Box bits have been cluttering my shed for ages, so I was delighted to finally nail them together and get rid of one of them into the house.
I made a short time lapse of the carving of the box sides, which were lined up side by side. Now that I am familiar with the pattern I will be able to carve all three sides at once. This is very fast and efficient as the chisel cuts in the design repeat very regularly.
Looking at the box the carving stands out as the main element. However, the rest of the construction is very time consuming and fiddly when you’re as disorganised as me. When using wood directly from a split green log there is a lot of work in preparing the stock for each individual plank. Most of the boards in the till were planed down from scrap pieces covered in practice carvings.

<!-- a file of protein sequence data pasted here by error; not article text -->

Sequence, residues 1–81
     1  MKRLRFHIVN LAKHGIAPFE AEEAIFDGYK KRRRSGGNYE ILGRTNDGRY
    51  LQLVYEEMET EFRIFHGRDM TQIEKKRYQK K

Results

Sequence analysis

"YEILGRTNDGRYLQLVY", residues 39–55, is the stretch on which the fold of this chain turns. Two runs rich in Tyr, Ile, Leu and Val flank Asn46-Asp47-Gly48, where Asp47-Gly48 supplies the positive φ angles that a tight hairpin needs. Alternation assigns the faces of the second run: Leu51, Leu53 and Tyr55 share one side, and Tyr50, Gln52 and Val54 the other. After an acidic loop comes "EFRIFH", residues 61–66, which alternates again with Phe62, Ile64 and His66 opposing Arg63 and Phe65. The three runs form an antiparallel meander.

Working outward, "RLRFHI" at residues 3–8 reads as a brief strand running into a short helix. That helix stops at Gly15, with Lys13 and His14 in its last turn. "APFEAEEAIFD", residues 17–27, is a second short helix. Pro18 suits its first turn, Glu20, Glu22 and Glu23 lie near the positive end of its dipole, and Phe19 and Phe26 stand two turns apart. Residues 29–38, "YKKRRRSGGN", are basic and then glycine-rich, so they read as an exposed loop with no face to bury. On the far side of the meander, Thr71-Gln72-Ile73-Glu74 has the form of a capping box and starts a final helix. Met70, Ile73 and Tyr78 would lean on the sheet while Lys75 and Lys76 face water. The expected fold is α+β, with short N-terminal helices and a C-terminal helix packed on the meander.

The wide sawn pine boards for the lid and base also have to be flattened and their edges shaped. Cleats nailed to the boards help reduce movement in them. In this case they also attach the lid to the box hinges (pegs projecting from the back board). The only holding devices I have on the whole bench are holdfasts and the planning stop. Happening across a Chris Schwarz post, which refers back to an earlier one from Richard Maguire (sorry lads can’t find the links) detailing a kind of wood pincher board, was very well timed and a big help. This little trick essentially removes any vague need I thought I had for a tail vice. I like that my bench is basically a block of wood with some holes in it and I plan to keep it that way until a job absolutely necessitates new bench appendages.
Lastly, photos of the finished box. I rarely try and take good quality pictures of my work so I took a few extra ones of other turned work that was to hand while I was at it.